CIT 596 Definitions of Turing Machines
Spring 2012, David Matuszek

The definition of a “Turing Machine” may differ slightly from one source to another. Here are three definitions:

Michael Sipser Peter Linz Wikipedia
Turing Machine A Turing Machine is a 7-tuple M = <Q, Σ, Γ, δ, q0, qaccept, qreject> where Q, Σ, Γ are all finite sets, and: A Turing Machine is a 7-tuple M = <Q, Σ, Γ, δ, q0, #, F> where: A Turing Machine is a 7-tuple M = <Q, Γ, b, Σ, δ, q0, F> where:
Q Q is the set of states Q is a set of states Q is a finite, non-empty set of states
Γ Γ is the tape alphabet, where ⌊⌋ ∈ Γ and Σ ⊆ Γ Γ is a finite set of symbols, the tape alphabet, Γ is a finite, non-empty set of the tape alphabet/symbols
b or # (not part of the 7-tuple) # ∈ Γ is a symbol called “blank” b ∈ Γ is the blank symbol
Σ Σ is the input alphabet not containing the special blank symbol ⌊⌋ Σ is a finite set of symbols, the input alphabet Σ ⊆ Γ - {b} is the set of input symbols
q0 q0 ∈ Q is the start state q0 ∈ Q is the initial state q0 ∈ Q is the initial state
F, qaccept qaccept ∈ Q is the accept state F ⊆ Q is a set of final states F ⊆ Q is the set of final (accepting) states
δ δ: Q × Γ → Q × Γ × {L, R} is the transition function δ: Q × Γ → Q × Γ × {L, R} is the partial transition function δ: Q - F × Γ → Q - F × Γ × {L, R} is a partial function called the transition function, where L is left shift, R is right shift.
qreject qreject ∈ Q is the reject state, where qreject ≠ qaccept Equivalent to Q - F (not part of the 7-tuple) Equivalent to Q - F (not part of the 7-tuple)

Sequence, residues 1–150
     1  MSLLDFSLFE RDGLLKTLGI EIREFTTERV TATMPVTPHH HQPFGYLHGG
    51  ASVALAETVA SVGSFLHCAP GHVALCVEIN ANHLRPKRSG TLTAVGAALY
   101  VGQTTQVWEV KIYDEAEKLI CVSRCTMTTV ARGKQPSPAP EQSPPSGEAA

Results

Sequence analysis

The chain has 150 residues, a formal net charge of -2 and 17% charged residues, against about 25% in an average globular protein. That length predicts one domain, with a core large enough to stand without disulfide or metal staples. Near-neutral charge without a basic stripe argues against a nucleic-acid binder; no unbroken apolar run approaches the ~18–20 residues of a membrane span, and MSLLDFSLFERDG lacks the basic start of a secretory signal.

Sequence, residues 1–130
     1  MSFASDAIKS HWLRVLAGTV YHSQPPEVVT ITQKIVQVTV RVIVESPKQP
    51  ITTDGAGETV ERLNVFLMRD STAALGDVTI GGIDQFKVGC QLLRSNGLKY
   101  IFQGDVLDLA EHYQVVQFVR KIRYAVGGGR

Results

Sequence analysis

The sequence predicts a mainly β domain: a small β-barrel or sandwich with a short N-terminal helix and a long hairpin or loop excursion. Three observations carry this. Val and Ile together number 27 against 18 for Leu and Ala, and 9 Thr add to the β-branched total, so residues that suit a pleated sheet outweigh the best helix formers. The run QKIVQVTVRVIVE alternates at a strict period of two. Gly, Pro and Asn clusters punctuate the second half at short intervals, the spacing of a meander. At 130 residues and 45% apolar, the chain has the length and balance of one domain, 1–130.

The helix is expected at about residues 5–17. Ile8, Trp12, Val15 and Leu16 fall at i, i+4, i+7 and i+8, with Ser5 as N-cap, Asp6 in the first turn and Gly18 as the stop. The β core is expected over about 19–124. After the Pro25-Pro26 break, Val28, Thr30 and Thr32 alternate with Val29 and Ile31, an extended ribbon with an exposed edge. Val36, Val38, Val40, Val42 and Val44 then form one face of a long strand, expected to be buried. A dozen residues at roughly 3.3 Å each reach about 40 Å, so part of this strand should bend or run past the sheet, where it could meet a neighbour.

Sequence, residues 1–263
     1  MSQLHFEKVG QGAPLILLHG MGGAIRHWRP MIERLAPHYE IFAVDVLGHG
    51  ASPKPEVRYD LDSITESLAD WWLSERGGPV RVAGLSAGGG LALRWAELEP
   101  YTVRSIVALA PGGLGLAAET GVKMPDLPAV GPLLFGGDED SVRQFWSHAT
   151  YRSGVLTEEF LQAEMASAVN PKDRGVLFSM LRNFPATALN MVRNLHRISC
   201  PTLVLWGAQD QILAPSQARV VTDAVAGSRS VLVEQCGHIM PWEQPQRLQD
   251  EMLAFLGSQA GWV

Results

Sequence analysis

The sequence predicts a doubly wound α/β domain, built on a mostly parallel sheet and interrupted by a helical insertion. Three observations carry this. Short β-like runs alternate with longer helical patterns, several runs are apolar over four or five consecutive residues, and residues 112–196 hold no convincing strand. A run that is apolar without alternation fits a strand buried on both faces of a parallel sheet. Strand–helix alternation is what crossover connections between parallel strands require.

# Minor points:

• Although each defines a Turing Machine as a 7-tuple, Sipser omits “blank” and F, but includes qaccept and qreject.
• Whether stated or not, all sets are finite.
• For any meaningful definition, Q, Σ, and Γ must all be nonempty.
• F is probably nonempty, but it's easy to envision a Turing Machine that accepts no strings.
• The transition function δ can be specified as a set of 5-tuples of the form R(current state, symbol read, symbol written, direction, next state).

# More important points:

• Blanks are special.
• The tape contains a finite, contiguous number of non-blank characters, but an infinite number of blank characters.
• If blanks were allowed in the “input” data, it would be impossible to know when the TM reaches the end of the data.
• In the Sipser definition, a Turing Machine does nothing if told to move left onto a blank (that is, to the left of the input).
• In the Sipser definition, F consists of the single state qaccept, and no further transitions are allowed.
• In the Sipser definition, δ is a function, and qreject acts as an error state. For the others, δ is a partial function, and the input is rejected if there is no transition from the current state qn ∉ F.